From Past to Present. Intentions of the Workplace of the Future

October 17, 2015


The Workplace of the Future is a term that you might think has been coined just recently — and you’d be right — specifically among global organizations with similarly-named initiatives. However, the concept of a future workplace that is flexible, more productive, and more engaging to top talent, is not a new one. To understand where we are going, it is important to know where we’ve been — and this is very true as it relates to the Workplace of the Future.

It was once said that the open-plan office was a wasteland that “saps vitality, blocks talent, frustrates accomplishment. It is the daily scene of unfulfilled intentions and failed effort.” This was the opinion of designer Robert Propst back in 1960 prior to the introduction of cubicles.

Wanting to solve his self-described open-plan wasteland, Propst created the Action Office II — known today as the cubicle. He believed that office workers needed autonomy and independence, and he wanted offices to encourage “meaningful traffic" among workers. In 1985, the World Design Conference named cubicles the most successful design of the previous 25 years. Unfortunately, cubicles became known for boxing individuals into a small space in which they performed largely repetitive tasks — not the vision Propst had at all.

In 1985, the World Design Conference named cubicles the most successful design in 25 years.

Fast forward to today and it’s clear to see that his vision was, at the time, every bit as idealistic as the Workplace of the Future we are hearing about now. Organizations now are looking for top talent capable of doing more than routine tasks, and in the process they have identified that their cube-filled office space does not support highly-collaborative work. It is for this reason that cubicles are being replaced with more open spaces that foster collaboration and support activity-based working.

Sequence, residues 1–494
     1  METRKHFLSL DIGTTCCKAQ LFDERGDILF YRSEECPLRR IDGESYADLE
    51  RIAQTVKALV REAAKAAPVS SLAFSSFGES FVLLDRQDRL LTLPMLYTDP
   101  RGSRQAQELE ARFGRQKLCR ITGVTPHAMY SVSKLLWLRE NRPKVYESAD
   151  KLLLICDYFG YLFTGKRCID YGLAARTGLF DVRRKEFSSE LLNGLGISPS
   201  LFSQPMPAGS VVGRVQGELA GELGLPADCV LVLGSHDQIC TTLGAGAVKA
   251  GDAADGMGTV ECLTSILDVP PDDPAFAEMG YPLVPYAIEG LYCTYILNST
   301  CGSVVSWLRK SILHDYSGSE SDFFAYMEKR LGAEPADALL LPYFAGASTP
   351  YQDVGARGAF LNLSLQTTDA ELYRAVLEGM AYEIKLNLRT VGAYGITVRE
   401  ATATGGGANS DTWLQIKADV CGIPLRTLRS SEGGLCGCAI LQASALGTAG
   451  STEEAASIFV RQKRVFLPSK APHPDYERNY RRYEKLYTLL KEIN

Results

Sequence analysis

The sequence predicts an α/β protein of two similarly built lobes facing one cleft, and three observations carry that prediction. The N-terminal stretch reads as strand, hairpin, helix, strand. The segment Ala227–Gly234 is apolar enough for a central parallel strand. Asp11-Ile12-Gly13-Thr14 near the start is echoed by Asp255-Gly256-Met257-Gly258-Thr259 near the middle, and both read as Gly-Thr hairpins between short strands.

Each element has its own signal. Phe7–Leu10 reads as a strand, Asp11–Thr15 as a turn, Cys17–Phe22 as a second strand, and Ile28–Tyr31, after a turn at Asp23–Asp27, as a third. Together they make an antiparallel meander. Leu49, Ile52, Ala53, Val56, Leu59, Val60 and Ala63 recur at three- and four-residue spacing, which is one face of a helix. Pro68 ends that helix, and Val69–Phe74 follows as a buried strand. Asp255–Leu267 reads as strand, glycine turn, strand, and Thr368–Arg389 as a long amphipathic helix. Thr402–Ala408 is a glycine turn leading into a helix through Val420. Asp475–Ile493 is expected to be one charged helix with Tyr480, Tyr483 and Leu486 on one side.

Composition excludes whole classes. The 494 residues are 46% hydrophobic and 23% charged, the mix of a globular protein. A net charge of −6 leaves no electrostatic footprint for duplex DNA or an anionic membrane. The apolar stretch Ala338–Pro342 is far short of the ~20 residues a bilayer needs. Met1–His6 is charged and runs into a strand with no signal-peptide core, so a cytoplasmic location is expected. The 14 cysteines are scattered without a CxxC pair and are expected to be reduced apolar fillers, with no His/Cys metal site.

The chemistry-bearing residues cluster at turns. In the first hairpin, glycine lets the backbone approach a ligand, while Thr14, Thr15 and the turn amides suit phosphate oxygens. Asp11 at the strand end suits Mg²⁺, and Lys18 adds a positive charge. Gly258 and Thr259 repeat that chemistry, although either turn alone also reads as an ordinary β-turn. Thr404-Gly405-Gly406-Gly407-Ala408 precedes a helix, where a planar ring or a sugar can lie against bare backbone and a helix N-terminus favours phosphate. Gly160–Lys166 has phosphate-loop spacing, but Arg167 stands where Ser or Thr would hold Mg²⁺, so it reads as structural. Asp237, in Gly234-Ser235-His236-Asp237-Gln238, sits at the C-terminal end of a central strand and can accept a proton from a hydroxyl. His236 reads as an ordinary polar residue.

Today’s workforce is far more mobile and flexible than ever before. Employees spend considerable time working outside regular office hours and therefore outside the office itself. In an always-on, always-connected world, the office is no longer a place you need to go to get work done. Jacob Morgan, a leading thinker and speaker on the future of work, said in a keynote at EMS Live! 2015 that organizations are starting to realize that they “need to move from creating an environment where we assume people need to show up, to creating an environment where people want to show up.”

The Workplace of the Future is an environment where people want to show up.

Therefore, the Workplace of the Future aims to provide an environment that is flexible, accessible, and supports multiple types of work for the needs of the mobile, flexible workforce. Similar to Propst in the 1960s, the Workplace of the Future is one that aims to inspire and engage employees. It about getting the very best out of people by maximizing the use of your space.

Learn more about the Workplace of the Future by reading the Great Expectations: Driving Factors for a Workplace of the Future white paper.